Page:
When living in the Ruhrpott it's only a matter of time when dive into industrial culture. The Ruhrgebiet offers lots of photogenic places that build the bridge between landscape and architecture.
My last big and satisfying photography trip was back in November 2019. I was looking forward to visit that exact same area again in April 2020. This time I wanted to visit Henne Strand in Denmark together with my kids. But then the Corona Virus happened and the holiday had to be cancelled. With lots of countries closing their borders and many closed areas and parks the photography possibilities were lowered to a minimum. So my photography ambitions were limited to places nearby. As I‘m a resident of the Ruhrgebiet in Germany I am not showered with great landscapes vistas. Instead we have a very big industrial culture. After an evening of research I found 4 spots that I would like to visit and photograph. On my list have been Zeche Zollverein (obviously), Halde Hoheward, the Tetraeder and Tiger & Turtle. All of these locations are only a 15-30 minutes car drive away. The weather forecast predicted good weather and high chances for epic sunset light for the next 1 ½ weeks. That gave me plenty of time to visit those places and as in the past I was very lucky with the conditions I got.
At first I went to Halde Hoheward. My goal was to emphasize the geometrical forms that were presented. The suns was setting to right side of the composition and that gave me that yellow, orange and pink, color that like so much. I used a wide-angle lens to get near to the subject. The lines lead the viewers’ eyes right into the center of the frame with its astronomical sculptures and the sunset light behind it. I tried more composition during that evening but none was so impactful as the first one. I think it is worth the visit as the view from up the Halde Hoheward is phenomenal and it offers at least one or two decent compositions.
The second location was the Tiger & Turtle sculpture in Duisburg. I went there in the evening as well, but right before sunset. I had to wait a long time until the sculpture has been illuminated. Unfortunately until that point we had lost almost all light from blue hour. Nonetheless I was able to capture a bit of the light. Normally the Tiger and Turtle is walkable but in times of Covid-19 the sculpture was closed. Therefore there were only so much possible compositions to shoot. Anyway I was happy with two pictures that I got that evening. Also this location is worth a visit but I must admit that it is better to wait until this whole Corona epidemic is over as only then you have the possibility to walk on that sculpture.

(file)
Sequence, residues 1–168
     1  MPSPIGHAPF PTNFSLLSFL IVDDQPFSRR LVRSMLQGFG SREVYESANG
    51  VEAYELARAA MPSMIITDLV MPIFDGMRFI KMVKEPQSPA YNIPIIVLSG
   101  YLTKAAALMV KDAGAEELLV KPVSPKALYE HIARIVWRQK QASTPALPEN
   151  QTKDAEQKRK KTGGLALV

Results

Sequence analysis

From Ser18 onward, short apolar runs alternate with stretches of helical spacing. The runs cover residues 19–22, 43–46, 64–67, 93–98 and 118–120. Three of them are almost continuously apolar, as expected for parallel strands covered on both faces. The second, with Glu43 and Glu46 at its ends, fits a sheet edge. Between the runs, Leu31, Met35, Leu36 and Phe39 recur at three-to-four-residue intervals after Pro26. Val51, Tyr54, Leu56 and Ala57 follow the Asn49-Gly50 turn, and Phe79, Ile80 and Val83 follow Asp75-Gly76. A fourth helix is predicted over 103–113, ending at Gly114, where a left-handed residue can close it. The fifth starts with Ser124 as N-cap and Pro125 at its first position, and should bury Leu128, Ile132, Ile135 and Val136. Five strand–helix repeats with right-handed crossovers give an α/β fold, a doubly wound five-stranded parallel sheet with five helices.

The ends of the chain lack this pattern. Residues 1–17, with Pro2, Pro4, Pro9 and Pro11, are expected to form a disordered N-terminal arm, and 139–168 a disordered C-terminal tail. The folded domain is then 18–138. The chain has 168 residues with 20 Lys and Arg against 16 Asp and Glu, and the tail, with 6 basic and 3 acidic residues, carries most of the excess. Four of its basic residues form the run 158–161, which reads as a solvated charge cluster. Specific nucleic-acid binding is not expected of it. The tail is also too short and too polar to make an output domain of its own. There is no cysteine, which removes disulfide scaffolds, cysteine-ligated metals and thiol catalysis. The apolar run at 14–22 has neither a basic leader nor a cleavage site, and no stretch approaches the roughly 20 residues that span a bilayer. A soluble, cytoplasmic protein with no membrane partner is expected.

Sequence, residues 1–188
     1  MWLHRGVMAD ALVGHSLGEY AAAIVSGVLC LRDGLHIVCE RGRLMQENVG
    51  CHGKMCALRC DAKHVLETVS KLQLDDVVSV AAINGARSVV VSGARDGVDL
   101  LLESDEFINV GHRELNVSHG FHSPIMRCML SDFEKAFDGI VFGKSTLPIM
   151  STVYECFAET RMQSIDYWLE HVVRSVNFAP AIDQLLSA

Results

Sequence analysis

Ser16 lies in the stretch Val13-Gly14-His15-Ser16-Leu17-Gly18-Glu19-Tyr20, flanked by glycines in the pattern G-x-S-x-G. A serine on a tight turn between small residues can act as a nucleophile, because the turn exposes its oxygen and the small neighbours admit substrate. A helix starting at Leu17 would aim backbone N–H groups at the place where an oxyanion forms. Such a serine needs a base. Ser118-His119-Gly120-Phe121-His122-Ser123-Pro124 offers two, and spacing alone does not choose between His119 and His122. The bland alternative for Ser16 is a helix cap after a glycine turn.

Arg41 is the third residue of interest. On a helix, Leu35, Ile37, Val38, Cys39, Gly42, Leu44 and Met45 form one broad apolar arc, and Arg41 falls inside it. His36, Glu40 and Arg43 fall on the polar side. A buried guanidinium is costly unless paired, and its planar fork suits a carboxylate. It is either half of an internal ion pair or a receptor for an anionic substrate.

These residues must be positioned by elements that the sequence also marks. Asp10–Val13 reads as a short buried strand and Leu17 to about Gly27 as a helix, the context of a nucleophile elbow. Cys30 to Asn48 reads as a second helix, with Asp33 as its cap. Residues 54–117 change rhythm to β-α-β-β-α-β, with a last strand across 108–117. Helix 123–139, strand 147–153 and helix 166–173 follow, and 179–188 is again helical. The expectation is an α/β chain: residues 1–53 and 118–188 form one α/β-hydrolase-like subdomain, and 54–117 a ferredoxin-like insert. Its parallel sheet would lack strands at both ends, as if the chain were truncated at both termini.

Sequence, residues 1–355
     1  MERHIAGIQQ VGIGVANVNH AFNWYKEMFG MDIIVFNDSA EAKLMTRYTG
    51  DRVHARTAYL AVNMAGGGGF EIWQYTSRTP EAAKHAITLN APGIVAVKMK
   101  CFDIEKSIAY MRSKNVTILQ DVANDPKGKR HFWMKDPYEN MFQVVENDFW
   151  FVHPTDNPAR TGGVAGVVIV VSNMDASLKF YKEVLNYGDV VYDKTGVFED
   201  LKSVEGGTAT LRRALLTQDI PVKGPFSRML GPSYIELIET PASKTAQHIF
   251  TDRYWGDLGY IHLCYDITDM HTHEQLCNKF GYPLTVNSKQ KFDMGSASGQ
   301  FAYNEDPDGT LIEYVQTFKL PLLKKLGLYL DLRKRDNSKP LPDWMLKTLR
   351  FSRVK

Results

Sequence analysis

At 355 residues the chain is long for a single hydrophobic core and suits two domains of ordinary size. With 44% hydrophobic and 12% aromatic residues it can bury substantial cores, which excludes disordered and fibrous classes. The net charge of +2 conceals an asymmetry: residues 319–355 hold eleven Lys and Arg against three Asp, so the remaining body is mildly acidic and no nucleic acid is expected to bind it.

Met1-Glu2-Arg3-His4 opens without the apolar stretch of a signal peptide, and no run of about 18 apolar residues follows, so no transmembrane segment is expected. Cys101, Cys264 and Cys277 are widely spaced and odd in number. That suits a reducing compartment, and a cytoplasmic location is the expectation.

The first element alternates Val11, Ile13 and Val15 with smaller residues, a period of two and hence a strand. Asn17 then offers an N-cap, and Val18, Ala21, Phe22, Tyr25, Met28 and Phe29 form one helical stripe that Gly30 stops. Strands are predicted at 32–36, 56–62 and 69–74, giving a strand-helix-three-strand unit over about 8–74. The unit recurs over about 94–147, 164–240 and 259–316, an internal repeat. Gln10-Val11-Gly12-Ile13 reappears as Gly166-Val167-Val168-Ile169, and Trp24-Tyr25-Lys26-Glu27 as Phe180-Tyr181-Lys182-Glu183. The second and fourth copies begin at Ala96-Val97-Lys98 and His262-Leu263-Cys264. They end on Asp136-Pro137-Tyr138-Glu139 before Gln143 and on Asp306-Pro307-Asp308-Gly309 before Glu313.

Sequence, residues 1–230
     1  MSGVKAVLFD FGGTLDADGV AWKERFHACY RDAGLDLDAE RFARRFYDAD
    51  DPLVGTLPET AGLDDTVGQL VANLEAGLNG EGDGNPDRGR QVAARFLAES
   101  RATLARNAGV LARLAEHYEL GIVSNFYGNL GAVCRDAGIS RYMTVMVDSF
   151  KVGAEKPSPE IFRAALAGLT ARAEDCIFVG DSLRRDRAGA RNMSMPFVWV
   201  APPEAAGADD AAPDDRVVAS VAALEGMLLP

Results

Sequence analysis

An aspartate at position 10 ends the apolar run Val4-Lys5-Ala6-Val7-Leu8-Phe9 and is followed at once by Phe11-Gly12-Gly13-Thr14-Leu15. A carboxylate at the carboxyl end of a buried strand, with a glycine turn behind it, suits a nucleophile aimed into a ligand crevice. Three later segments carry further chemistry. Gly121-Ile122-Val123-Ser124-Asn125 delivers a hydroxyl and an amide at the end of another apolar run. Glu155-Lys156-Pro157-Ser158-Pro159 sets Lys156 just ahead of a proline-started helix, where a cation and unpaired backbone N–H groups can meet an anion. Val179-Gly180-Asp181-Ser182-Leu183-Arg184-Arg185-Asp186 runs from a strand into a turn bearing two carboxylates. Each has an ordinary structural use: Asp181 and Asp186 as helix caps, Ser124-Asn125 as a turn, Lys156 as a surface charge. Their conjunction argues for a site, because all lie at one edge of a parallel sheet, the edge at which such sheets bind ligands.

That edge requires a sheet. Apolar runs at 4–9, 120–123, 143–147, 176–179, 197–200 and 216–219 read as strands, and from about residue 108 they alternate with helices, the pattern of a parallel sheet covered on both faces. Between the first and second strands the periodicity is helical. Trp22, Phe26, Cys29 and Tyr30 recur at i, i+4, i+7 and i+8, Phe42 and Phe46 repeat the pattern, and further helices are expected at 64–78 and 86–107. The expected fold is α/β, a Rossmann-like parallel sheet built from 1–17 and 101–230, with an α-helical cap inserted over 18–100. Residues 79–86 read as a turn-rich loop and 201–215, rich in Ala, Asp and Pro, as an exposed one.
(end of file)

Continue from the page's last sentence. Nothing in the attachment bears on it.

The third location was the most fun one and it also offered the most compositions. I visited the Zeche Zollverein with two of my best friends (the same that were with me in the Dolomites). The area of Zeche Zollverein is huge. We spend the first hour with scouting and less photography, but after a while we found different locations that were worth shooting. The conditions were quite good. There were times where there was hardly any wind and so we used puddles and other water surfaces for reflections. We’ve planned to stay until complete darkness as usually the location is illuminated in different colors at night. Again, due to the Corona Virus some location were closed and not illuminated. Anyway, we came away with some nice shots of the local museum.
I visited the last location several days later, as in the meantime the weather wasn’t very promising. The Tetraeder is also a geometrical sculpture that was placed on a former Halde (stockpile) in Essen Bottrop. It was a 20 minute drive and the another 15 minute hike up to the top of the Halde. There are basically two composition options. You either pick a telephoto lens and photograph the Tetraeder from the front or you use a ultrawide-angle lens and take some shots from right beneath the subject. I shot most pictures from beneath as I wanted to capture the great colors from the sunset to the west. From all 4 locations this was the most visited one. Most of the visitors were runners that ran up the hill and further ran in circles around the Halde. But the place was never so crowded that I wasn’t able to take a photograph.
It was a nice alternative to photograph some of the industrial culture in and around my hometown Essen, as long as we all are not able to travel longer distances to get to the epic landscape locations that we are so enthusiastic about. I highly recommend these locations to those who would like to capture compositions that build a bridge between landscape and architecture.
Update February 2022:
In the meantime I revisited two of the locations. In 2021 I challenged myself with a difficult focus stacking session at Halde Hoheward and some days ago I spend a great evening at the Tetraeder in Bottrop, where I tried to capture some panoramas.